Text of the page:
Job does not claim sinless perfection. He simply argues that any conceivable sin he may have committed does not justify being made a target of the Almighty. “If I have sinned, what have I done to you, O watcher of men? Why have you made me your target? Have I become a burden to you?” (7:20).

……..

Job’s problem is not that God is simply too distant, but that Job could not win— even though he is quite certain he is suffering innocently. (And again, his readers know he is right on the latter score!)

photo via GospelCoalition.org

…..The summary of chapters 4 – 31:

(1) Job’s friends have a tight theology with no loose ends. Suffering is understood exclusively in terms of punishment or chastening. There is no category for innocent suffering: in their understanding, such a suggestion besmirches the integrity of the Almighty.

(2) Although they are quick to defend God and say many wonderful things about him, their arguments are cast in tones so condescending to Job that one begins to lose patience with them. There is very little hint of compassion, empathy, honest grief. The defense of God can be unbearably hard.

(3) Job’s arguments must not be confused with the atheism of Bertrand Russell, the challenge of David Hume, the theological doubletalk of Don Cupitt, or the poetic defiance: “I am the master of my fate! I am the captain of my soul!” Job’s speeches are the anguish of a man who knows God, who wants to know him bet- ter, who never once doubts the existence of God, who remains convinced, at bottom, of the justice of God—but who cannot make sense of these entrenched beliefs in the light of his own experience.

That is why, in the midst of his confusion and self-justification, Job utters some remarkably assured statements of faith. He is so sure of his case that he wishes he could find someone to arbitrate between himself and God (9:33-35). Of course, this is God’s universe, so he can’t; but the Christian cannot read these words without thinking of the mediatorial role of Jesus. Nor does Job become apostate: “Though he slay me, yet will I hope in him; I will surely defend my ways to his face. Indeed, this will turn out for my deliverance, for no godless man would dare come before him!” (13:15-16). He is so sure of ultimate vindication that he can say, “But [God] knows the way that I take; when he has tested me, I will come forth as gold” (23:10). However difficult the verses in 19:25-27 be translated,3 the least they affirm is that Job is absolutely confident in his final vindication—by God himself.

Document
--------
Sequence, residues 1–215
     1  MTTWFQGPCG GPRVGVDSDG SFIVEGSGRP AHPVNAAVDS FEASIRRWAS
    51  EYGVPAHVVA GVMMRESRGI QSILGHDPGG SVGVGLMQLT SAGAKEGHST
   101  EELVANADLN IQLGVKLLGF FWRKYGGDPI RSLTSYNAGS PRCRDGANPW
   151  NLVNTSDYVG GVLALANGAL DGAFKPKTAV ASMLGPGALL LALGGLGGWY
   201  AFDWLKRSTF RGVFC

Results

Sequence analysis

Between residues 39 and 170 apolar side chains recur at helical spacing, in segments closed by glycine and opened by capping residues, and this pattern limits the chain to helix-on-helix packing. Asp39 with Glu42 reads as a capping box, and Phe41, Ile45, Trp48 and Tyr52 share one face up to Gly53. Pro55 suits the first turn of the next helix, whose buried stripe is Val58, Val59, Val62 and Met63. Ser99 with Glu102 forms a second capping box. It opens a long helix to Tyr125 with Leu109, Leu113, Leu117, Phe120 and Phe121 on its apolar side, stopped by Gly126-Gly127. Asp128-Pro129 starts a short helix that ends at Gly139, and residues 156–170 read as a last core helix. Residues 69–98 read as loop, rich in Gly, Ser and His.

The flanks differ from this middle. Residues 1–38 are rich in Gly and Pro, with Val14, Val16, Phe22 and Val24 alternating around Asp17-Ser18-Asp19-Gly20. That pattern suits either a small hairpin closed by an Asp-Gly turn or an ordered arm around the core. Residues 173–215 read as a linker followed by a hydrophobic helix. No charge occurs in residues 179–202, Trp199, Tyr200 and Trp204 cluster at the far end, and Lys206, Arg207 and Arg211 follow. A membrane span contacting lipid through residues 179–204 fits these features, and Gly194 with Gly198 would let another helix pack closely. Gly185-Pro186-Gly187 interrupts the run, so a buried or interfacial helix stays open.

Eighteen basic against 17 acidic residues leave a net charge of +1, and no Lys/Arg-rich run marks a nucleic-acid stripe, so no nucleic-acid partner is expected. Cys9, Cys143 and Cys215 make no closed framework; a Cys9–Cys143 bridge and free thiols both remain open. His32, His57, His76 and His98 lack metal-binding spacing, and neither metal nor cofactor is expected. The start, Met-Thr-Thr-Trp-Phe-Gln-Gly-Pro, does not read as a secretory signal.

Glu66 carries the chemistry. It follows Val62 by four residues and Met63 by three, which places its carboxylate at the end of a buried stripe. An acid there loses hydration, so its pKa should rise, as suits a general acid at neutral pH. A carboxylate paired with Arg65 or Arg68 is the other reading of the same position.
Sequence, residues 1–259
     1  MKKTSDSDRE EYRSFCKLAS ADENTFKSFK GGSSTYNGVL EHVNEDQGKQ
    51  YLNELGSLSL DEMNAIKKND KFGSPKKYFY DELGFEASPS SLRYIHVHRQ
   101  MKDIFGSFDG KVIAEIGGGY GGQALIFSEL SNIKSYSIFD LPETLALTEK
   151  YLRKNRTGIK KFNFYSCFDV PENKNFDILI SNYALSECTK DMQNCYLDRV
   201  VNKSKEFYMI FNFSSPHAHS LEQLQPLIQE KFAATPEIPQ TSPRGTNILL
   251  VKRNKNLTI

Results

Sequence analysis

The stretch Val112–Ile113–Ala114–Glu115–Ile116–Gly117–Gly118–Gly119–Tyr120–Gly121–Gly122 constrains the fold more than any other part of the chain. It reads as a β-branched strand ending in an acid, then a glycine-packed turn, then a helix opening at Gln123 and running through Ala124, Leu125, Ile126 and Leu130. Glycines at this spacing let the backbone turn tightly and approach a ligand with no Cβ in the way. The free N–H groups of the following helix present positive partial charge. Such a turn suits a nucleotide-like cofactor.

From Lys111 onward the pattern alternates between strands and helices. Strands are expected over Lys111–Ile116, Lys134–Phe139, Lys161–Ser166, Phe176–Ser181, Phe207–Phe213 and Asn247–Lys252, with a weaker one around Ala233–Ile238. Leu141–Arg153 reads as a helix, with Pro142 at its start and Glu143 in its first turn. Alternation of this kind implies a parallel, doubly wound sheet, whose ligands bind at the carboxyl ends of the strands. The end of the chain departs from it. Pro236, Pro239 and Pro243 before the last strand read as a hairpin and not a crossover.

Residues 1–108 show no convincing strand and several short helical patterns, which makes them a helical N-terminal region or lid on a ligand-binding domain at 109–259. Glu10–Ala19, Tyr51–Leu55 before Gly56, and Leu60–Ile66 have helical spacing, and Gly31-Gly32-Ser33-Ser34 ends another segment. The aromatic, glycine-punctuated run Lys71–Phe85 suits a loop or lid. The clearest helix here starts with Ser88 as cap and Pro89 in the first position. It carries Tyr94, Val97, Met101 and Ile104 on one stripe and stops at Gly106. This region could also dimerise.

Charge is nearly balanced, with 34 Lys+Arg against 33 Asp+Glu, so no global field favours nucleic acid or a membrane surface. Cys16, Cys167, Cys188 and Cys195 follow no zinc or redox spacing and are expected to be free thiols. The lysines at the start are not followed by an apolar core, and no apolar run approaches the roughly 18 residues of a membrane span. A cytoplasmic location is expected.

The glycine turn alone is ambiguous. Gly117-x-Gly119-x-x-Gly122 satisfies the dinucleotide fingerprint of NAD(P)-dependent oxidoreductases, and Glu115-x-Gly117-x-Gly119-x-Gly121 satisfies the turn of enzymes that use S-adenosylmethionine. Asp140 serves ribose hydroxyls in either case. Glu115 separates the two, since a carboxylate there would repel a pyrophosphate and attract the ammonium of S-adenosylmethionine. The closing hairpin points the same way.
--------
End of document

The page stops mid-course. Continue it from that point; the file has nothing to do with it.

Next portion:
(4) The final lengthy speech of Job (26:1- 31:40) reiterates many of the themes already developed, but it reaches a new intensity of bitterness. Now Job is not satisfied with hints: he openly charges God with injustice, and he almost savagely defends his integrity: “As surely as God lives, who has denied me justice, the Almighty who has made me taste bitter- ness of soul, as long as I have life within me, the breath of God in my nostrils, my lips will not speak wickedness, and my tongue will utter no deceit. I will never admit you are in the right; till I die, I will not deny my integrity. I will maintain my righteousness and never let go of it; my conscience will not reproach me as long as I live” (27:2-6). Chapters 29-31 are a moving recital of all the godly things that made up Job’s life in the days before he was afflicted. They bear the most careful reading: would to God I could claim half so much. Job has been honest, generous, disciplined; he rescued the poor, helped the blind, comforted those who mourned; he made a covenant with his eyes “not to look lustfully at a girl” (31:1); he was host to countless strangers; he made sure he never rejoiced over the misfortune of another; he never trusted in his own wealth. He frankly feared God (31:23). And he is utterly determined to maintain that his own integrity totally precludes the possibility that his sufferings constitute punishment for sin. As far as he is concerned, confession of sin that he has not committed, just to satisfy his friends and perhaps win some sort of reprieve, would itself be sinful. His integrity is too important to him for that.

(5) Job is therefore not looking for a merely intellectual answer, a merely theological argument. He wants personal vindication by God himself. He wants God to appear and give an account of what He is doing. The drama does not concern an agnostic professor of philosophy; it con- cerns a man who knows God, who loves and fears God, and whose utter assurance of his own integrity drives him to long for a personal encounter with God that will not merely provide “answers” but will also vindicate the sufferer.

(6) It is important to glance ahead a little. The “three men stopped answering Job, because he was righteous in his own eyes” (32:1). They were at an impasse: they could make sense of his suffering only by insisting on his guilt, and he kept insisting on his innocence. But God, after disclosing himself to Job, says to Eliphaz, “I am angry with you and your two friends, because you have not spoken of me what is right, as my servant Job has” (42:7). Indeed, Job must offer sacrifice and pray for them.

This is remarkable. The three miserable comforters thought they were defending God, and he charges them with saying the wrong things about him. Job defends his own integrity so virulently that he steps over the line now and then and actually charges God with injustice, yet God insists that his servant Job has spoken what is right. Of course, this does not mean that Job’s speeches have been entirely without fault. As we shall see, God charges Job with darkening His counsel “with words without knowledge” (38:2). In the last section of this chapter I shall explore more fully in which ways Job is right and his three friends are wrong. But under any reading of God’s vindication of Job’s discourses, room is made for innocent suffering; a simple theory of retributive justice—punishment proportionate to sin—is inadequate to explain some of the hard cases.